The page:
November 10, 2020
Speaking Notes, Christine Hanson, Chair, Canadian Association of Statutory Human Rights Agencies
Check Against Delivery
Thank you very much. Hello everyone, Honourable ministers and guests.
Thank you to Marie-Claude Landry [Chief Commissioner, Canadian Human Rights Commissioner], a fierce human rights defender, leader, colleague and friend.
I too would like to acknowledge the traditional territories we all gather from today, and how respect for Indigenous and treaty rights is more important than ever in carrying out human rights justice.
I echo the words of Chief Commissioner Landry on the need for concrete action to address the disproportionate impact of COVID-19 on already marginalized Canadians and on the need to confront systemic racism, intolerance and hate in our country.
On both fronts, the collection of disaggregated data, including race-based data, is imperative to the way forward for all jurisdictions in Canada. This will require more coordination and clearer protocols for these efforts to truly inform the decision-making process.
Our country finds itself in an unprecedented point in our history.
As Chair of CASHRA, I am aware every single day of the impact that COVID-19 is having on people across Canada, and on human rights commissions across the country.
Barriers to equality have been thrust into the spotlight. And the need for swift human rights justice is in high demand.
Over the past 8 months, Canada’s provincial and territorial commissions — already resource-strapped — have been stretched even thinner responding to the surge of pandemic-related inquiries and complaints.
- From workplace issues around the accommodation of people with disabilities;
- To family status accommodation issues due to employees having to juggle their work with caring for loved-ones or home-schooling their kids;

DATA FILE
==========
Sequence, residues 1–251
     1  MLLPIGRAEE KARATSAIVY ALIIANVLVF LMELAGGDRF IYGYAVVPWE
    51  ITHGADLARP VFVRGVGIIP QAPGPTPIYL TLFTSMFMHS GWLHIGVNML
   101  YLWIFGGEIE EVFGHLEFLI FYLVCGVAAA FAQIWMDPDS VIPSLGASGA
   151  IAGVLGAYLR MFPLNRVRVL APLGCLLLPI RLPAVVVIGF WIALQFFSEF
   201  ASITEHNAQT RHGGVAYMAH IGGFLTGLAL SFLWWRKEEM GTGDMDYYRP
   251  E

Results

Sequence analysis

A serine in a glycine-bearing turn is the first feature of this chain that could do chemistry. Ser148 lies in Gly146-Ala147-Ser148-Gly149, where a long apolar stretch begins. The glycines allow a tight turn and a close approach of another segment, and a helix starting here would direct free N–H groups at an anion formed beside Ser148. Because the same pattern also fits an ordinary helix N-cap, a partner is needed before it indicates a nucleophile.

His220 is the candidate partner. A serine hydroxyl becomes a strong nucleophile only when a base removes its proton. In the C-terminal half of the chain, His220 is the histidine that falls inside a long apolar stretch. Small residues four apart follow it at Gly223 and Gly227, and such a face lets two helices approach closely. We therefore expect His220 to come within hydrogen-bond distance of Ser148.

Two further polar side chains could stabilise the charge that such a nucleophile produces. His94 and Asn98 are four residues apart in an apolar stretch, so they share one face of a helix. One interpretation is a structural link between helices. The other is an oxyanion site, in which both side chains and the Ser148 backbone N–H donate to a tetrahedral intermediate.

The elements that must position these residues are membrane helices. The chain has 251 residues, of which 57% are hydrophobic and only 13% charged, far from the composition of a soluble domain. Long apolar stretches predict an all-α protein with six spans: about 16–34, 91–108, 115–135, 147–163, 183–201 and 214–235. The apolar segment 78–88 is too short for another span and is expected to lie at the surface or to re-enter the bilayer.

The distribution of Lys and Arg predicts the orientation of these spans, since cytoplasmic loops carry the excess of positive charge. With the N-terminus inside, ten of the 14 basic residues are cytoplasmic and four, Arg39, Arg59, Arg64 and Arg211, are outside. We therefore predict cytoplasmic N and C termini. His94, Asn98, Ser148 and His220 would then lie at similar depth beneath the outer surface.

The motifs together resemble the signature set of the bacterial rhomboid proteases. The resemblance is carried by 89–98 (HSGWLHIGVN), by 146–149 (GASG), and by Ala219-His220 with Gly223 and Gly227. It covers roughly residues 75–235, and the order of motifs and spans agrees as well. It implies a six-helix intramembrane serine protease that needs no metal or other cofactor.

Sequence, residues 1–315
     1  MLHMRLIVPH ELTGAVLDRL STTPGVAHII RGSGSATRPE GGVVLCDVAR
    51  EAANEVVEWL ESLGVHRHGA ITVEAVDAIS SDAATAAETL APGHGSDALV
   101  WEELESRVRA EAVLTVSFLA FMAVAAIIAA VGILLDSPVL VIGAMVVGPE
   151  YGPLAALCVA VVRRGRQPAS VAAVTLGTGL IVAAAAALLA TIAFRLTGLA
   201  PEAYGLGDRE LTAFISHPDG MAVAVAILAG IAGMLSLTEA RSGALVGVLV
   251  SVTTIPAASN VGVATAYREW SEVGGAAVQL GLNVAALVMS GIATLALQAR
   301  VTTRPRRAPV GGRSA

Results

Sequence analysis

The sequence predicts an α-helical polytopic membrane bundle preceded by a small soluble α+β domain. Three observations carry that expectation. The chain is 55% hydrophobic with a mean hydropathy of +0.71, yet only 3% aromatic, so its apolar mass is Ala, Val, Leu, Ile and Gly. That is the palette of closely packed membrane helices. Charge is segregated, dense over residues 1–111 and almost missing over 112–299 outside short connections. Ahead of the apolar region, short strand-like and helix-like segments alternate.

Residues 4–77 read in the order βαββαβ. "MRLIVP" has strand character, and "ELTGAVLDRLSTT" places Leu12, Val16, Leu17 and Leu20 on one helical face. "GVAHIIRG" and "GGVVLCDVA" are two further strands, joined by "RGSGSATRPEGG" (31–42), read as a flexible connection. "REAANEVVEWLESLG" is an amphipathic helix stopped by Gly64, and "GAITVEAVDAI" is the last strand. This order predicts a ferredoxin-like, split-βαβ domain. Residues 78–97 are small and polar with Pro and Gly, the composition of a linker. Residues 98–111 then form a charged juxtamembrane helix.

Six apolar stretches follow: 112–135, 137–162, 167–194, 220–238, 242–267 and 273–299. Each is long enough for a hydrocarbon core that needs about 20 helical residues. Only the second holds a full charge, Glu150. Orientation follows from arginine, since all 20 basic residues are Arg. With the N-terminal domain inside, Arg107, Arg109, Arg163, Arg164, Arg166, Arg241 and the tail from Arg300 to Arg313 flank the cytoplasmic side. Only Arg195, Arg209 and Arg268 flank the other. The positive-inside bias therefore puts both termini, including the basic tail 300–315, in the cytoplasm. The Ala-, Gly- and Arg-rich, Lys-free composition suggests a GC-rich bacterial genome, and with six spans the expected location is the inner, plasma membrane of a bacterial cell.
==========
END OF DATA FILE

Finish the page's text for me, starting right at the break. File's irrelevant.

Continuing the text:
- Outbreaks in long-term care as well as provincial correctional facilities;
- Small-business owners and frontline workers now among some of our most vulnerable populations;
- And of course, the disproportionate impact COVID-19 is having on racialized Canadians…
- from systemic and structural forms of anti-Black racism,
- to the hate and violence against Asian Canadians since the outbreak,
- to the incidents of anti-Indigenous racism we are seeing in my home province of Nova Scotia, as well as in disturbing incidents of overt anti-Indigenous racism in healthcare in different parts of the country.
Our role, as human rights commissions, is to help ensure that all levels of government continue to take concrete action in the face of these injustices, and work towards the implementation of Canada’s domestic and international human rights obligations, including at the provincial, territorial and local levels.
Across private businesses and provincially-run sectors, our role is also to ensure that justice can be swift for people who are experiencing barriers and systemic racism in their daily lives.
- in healthcare and long-term care,
- in education,
- in employment and customer service,
- in affordable housing — an urgent and multi-jurisdictional issue,
- And lastly, in the justice system
Canada’s justice system is a barrier for Indigenous peoples, Black Canadians and other racialized persons
That’s the plain truth.
We need an overhaul and a dismantling of the systemic racism found at every step of our justice system:
- from racial profiling on our streets,
- to the disproportionate number of Black and Indigenous people who are killed in encounters with police,
- to the need for more diversity in our court system — from litigators to judges,
- to sentencing criteria, and
- to the over-representation of racialized and Indigenous people in our prisons, who are now grappling with COVID outbreaks.
Clearly, there is a lot of work ahead of us.
Canada’s human rights mandates are grounded in the Paris Principles — a global declaration to protect, promote and monitor human rights through independent human rights institutions. This means that Canada and its provinces and territories must allocate the necessary tangible resources to fulfil these internationally recognized commitments. These mandates have always been carried out by small but dedicated groups of public servants. Now, as a result of COVID, the capacity to carry out this important work is at risk.
Canada’s human rights capacity needs a considerable and sustainable boost — in every jurisdiction. We need a recommitment to human rights institutions, in the capacity of commissions to provide human rights education, inform public policy making, and to address complaints of systemic discrimination.
Our hope is that we can count on your support in this.
So that together, we can help Canada “build back better.”
Either way, you can count on our hard work and dedication in doing what we can to promote and protect a diverse and inclusive Canada for all.